Achtung! U2 Shoppers: PopMart '97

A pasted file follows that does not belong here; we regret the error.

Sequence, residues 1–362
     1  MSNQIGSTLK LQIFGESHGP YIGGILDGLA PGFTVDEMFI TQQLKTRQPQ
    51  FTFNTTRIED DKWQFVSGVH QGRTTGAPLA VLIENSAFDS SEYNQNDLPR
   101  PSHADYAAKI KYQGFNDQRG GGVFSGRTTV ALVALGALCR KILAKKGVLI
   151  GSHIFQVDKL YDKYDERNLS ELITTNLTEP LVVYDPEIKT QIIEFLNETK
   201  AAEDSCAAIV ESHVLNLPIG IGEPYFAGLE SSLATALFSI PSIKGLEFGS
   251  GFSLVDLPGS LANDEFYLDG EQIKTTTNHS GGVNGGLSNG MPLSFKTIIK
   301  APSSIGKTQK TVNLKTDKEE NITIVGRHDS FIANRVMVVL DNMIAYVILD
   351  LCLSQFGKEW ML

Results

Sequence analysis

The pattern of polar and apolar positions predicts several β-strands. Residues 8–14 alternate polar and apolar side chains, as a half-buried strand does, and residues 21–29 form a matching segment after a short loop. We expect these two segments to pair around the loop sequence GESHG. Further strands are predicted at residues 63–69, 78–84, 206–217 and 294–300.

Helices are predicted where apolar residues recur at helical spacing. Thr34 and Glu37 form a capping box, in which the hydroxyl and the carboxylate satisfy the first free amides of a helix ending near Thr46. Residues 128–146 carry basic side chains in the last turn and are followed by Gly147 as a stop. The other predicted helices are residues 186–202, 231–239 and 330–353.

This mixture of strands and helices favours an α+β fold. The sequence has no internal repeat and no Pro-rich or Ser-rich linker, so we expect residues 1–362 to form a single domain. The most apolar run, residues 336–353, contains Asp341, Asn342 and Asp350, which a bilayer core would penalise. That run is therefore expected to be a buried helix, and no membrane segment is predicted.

All it takes is one look at my calendar for 1997 to know that something must have gone wrong.Across the boxes that represent April 25, 26, and 27, written with verve and multiple colored pens, is: "U2 WEEKEND BABY! ARRIVE VEGAS 9:30 A.M.!" As everybody knows, April 25 was the day U2 launched its monstrous PopMart World Tour at Sam Boyd Stadium in Las Vegas. Flip ahead to Wednesday, June 18, and penciled into the upper right corner of the box, just like a reminder of an annual tooth cleaning, is: "U2 Oakland. Get Ride."If you can believe that for more than 15 years my name has been synonymous with "the biggest U2 fan I know," if you can believe that my relationship with this band and its music borders on family-like, then maybe you can believe that what's written on my calendar is only the tip of a sorry iceberg that goes way beyond a fan simply losing faith in his band.POP! GOES THE WEASELEven though there was a great deal of hype both before and after the Vegas show, and much was said and written about the tour, there was very little talk about what PopMart was supposed to be about. I gathered the whole thing was intended as a comment on today's disposable culture, and that all the mammoth, expensive, flashy props the band seemed so giddy about were there to serve some obvious parody of what we see every day.But obvious to whom?What proved to be the treachery of "U2 Weekend Baby!" and the first sign that my boys had taken a wrong turn was how seamlessly the PopMart experience had intermeshed with the Vegas experience. You would assume irony was the driving force behind the band selecting Vegas as the city to start its tour, but that being the case, you'd have to expect some sort of contrast between the two entities. For the three days I spent in Vegas, one thing should have been shouting at me: "Hey! This is a gimmick to get your money!" while the other screamed, "This is art, son! Appreciate it!"Not only was it hard to tell the difference between the two, but for an excruciating 15 minutes on Saturday evening -- U2 weekend, hour 33 -- they were exactly the same.The sun was setting on the Las Vegas strip, which, if you've never seen it, is a surreal enough picture in and of itself. Add to the scene my party and I, on a moveable walkway, grinding our way out of the Excalibur Hotel (imagine a 30-story Lego castle, complete with shiny red and blue towers and a moat). We're sleepy and sucking on golden $13 cocktails.The concert had taken place the night before, and army-green PopMart T-shirts were everywhere along the strip. People were still asking me did I like the show? My companions wanted to know what I thought. It's a strange phenomenon, but I've become used to being the biggest U2 fan anyone has ever met. I hadn't as yet spoken definitively on the subject, and was about to mutter another "I'm not really sure yet" when suddenly -- in what felt like an act of god -- the moveable walkway we were standing on stopped moving.We were stunned, standing still in the exact center of a bridge over the moat of the Excalibur. Directly below us, the filthy water in the hotel moat began to bubble. People moved to the edges of the bridge, seeming to materialize out of nowhere to crowd around the moat. By the time a soundtrack queued up on hidden speakers, we were the only ones who hadn't abandoned the moveable walkway, and the throng of people was now six rows deep and piling up fast."OH, IT'S JUST THAT PESKY DRAGON AGAIN!" the soundtrack boomed; what was being played out in the moat, I can only describe as animatronic madness. An enormous pink dragon head reared up out of the moat and blew fire balls toward a miniature-golf-style wizard. People were now running in from the strip and pushing their way through the crowd to get a view at the edge of the moat."Oh, my God!" I said, "I think we're gonna get trampled!"The 15-minute "show" raced toward its climax. Everywhere I looked, there were unforgettable images: to the right a man was holding his girlfriend up as he faced the opposite direction; he supported her with questionable success, placing a hand on each of her enormous butt cheeks. Further down, people were crawling on the ground between legs to get a better look at the "dragon."Something inside me, emanating from the hazy grog of being in Vegas for 33 straight hours, spoke one clear fact: This is evil ... and way too much like the concert the night before."No!" I caught myself resisting with the same U2 reflex I had formed 15 years before when I bought the tape with the song "Gloria" on it. "No. It's not true!"LOVE IS NOT BLINDNESSIn the end, the thought of U2 -- the originators of intimate stadium rock -- wordlessly emerging from a 40-foot mirrored lemon, only to screw up an encore performance of their radio single "Discotheque," proved irrefutable, even to me.And this concert, in which Bono addressed the crowd twice, for a total of four sentences (one of which was "Talk amongst yourselves, will ya," an idea that goes against everything U2 stands for), and carried a $60 ticket price to pay for the tacky, oversized props that went unexplained throughout, was no different from the "moat show" at the Excalibur Hotel. In fact, PopMart was exactly the same thing: an uninspired, impersonal, gimmick-laden moneyfest.What remains amazing to me is that on one hand you have the album Pop, one of U2's most personal efforts, and on the other you have PopMart, the most distant performance I've ever seen from the band.At no time during the Las Vegas concert were the words "PopMart" ever mentioned. At no time was the audience ever let in on PopMart's inside joke. At no point was intimacy ever achieved or even attempted by either the band or the crowd. The entire stadium went nuts during the opening riff of "Pride (In The Name Of Love)," but remained mostly disinterested throughout the new songs. There were no spiritual experiences here; this was just business.U2 was in Vegas, all right, but Vegas was in U2 as well, and not in the clever, ironic sense they had intended. Vegas was in U2 in a bad way, the way it was in Elvis at the end of his career.Jump ahead to the scene at the Excalibur moat the next night: I was staring at the paper cups swirling at the corners of the moat, and they were just like beer bottles clinking around in the Sam Boyd Stadium parking lot after the audience went home.Here was this big scene; the people were ready for it. It happened. It was cheesy. Then there was trash.Following this "U2 Weekend Epiphany," other clues -- chiefly the tour reviews and promotion -- fell into place like a long line of dominoes. They all pointed toward an undeniable truth: PopMart is a horrendous artistic failure.But scarier still is that none of the 38,000 people at Sam Boyd Stadium seemed to have watched the same show I did. All of the media who reported on the concert were too preoccupied with the PopMart gimmicks and the financial hugeness of the tour to notice that the band was on creative automatic-pilot when they brainstormed and performed the show. Add to all this ABC's prime-time U2 special, A Year In Pop, which -- in addition to being narrated by Dennis Hopper and managing to garner the lowest ratings in the network's history -- gave us "Pop Month" on ABC and images of Michael J. Fox plugging his show Spin City in his very own discotheque-style video spot.When exactly did that sound like a good idea? As the biggest U2 fan ever, I'd rather not know.Most importantly to me, however, are the members of the band themselves, who put out a good album, and secured a guarantee of $100 million for the preemptively successful tour. If they don't realize on their own that PopMart is an animatronic, fire-breathing ball of cheese, what will they ask me to swallow next time they come to town -- if there is a next time?I can't help but remember a soundbite from the ABC U2 special, in which Bono is reading a dictionary definition of the word "pop."Pop: a sudden, short, light, explosive sound.For inarguably one of the greatest rock 'n' roll bands ever, what a way to go out.